Sportmanship on the Stream

by Fly Fisherman

Now may I cover an ingredient that is commendable in many activities but in trout fishing it becomes a glaring negative. That is the quality of competitiveness. If you are obsessed with it, shed it by all means while you’re fishing and it isn’t so difficult if you want to. Hurrying to be first in line, hurrying for fear someone else might pass or precede you, hurrying to be first at the “Log Jam Pool” where you saw the big square tail yesterday—you are outwitting yourself and deliberately passing up really major opportunities to add to your fishing skill which in turn means added pleasure. You have no opportunity to observe any of the cardinal rules to make of yourself a better fisherman.

Working your hardest to catch the most trout or the largest trout, so that you can strut in camp that evening, not only is lacking in sportsmanship, but it doesn’t endear you one particle more to your fishing pals—it merely increases the distaste they’re building up for you. Believe me when I tell you that following the six rules of a good fisherman will not only result in greater success on the stream but it will salve that ulcer of pressing competitiveness and give you returns in pleasurable fishing that you didn’t believe were in the sport.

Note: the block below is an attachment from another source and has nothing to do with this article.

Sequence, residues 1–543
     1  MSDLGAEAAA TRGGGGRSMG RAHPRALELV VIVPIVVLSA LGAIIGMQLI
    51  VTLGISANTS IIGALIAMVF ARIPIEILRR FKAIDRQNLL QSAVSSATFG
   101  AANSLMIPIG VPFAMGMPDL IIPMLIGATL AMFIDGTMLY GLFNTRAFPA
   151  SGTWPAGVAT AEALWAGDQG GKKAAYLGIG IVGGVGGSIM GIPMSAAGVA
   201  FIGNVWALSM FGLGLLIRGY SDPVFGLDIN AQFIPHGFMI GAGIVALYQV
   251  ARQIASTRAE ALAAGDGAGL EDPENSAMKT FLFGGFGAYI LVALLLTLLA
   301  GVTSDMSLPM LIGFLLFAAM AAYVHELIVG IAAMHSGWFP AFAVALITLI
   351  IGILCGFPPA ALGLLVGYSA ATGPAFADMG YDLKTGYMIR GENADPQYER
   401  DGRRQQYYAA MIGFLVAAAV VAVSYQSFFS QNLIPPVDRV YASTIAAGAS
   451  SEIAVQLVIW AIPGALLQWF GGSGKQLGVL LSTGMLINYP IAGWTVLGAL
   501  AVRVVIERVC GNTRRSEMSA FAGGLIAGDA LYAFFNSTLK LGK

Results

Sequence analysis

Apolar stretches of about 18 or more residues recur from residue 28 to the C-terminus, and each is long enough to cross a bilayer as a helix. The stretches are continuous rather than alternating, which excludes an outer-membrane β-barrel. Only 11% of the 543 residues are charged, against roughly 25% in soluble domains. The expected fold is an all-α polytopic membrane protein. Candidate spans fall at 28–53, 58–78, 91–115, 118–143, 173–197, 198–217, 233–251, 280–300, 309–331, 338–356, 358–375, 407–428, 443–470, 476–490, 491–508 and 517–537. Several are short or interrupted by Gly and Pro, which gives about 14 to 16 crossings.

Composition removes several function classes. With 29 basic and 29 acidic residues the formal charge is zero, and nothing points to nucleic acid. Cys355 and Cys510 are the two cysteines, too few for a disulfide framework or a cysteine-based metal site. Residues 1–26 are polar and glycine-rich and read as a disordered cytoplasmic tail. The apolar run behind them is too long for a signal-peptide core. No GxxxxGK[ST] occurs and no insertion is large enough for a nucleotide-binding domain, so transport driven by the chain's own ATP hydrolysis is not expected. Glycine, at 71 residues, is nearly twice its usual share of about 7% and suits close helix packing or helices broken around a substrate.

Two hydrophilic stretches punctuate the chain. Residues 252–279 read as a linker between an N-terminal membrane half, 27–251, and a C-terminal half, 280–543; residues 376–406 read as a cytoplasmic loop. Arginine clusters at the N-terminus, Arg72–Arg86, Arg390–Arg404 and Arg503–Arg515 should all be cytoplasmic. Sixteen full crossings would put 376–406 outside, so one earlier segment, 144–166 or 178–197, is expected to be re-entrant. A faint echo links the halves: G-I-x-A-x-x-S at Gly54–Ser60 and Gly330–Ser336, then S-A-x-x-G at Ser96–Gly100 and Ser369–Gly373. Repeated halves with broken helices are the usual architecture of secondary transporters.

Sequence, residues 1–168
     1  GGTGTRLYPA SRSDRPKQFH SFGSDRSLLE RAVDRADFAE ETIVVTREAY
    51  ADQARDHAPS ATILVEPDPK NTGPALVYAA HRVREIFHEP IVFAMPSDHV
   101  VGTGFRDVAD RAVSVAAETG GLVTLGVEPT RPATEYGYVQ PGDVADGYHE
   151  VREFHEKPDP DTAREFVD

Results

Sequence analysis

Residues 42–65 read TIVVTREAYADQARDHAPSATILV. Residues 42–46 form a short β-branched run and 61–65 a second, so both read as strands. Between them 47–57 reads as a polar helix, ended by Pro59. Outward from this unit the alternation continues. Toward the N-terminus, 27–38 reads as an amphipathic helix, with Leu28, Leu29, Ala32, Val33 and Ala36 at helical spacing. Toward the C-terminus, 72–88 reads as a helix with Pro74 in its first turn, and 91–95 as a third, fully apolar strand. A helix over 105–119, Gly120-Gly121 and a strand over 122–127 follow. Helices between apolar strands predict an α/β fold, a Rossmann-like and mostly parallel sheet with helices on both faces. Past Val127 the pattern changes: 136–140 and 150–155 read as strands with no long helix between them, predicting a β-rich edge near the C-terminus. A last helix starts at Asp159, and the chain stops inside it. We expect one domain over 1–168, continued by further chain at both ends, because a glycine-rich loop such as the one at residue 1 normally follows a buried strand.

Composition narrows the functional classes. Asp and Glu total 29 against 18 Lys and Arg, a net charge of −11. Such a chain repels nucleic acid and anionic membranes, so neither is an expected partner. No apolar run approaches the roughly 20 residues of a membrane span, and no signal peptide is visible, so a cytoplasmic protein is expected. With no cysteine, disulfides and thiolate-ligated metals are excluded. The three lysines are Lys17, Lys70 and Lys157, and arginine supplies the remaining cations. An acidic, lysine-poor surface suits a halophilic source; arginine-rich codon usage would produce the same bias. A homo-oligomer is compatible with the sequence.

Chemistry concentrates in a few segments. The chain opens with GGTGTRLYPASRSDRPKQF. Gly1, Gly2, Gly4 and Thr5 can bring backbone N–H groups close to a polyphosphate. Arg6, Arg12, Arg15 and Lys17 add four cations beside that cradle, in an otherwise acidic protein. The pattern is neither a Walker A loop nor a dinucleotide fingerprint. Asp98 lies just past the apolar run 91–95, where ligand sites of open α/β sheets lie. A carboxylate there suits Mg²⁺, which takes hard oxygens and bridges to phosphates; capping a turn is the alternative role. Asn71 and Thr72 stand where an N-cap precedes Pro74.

If a pursuit is too easy we get little kick from it. This truism is applicable to fishing, in particular. If you can take a single fish where the victory is gained under circumstances that are tough—where the obstacles, or conditions, present a real problem—where you are certain that most anglers wouldn’t have attempted the objective, then you acquire a strong degree of gratification that can be gained no other way. The desire or urge to perform a formidable, ticklish task, in your fishing, as a challenge to yourself just because it is that kind of a handicap is an authentic sign of sportsmanship.

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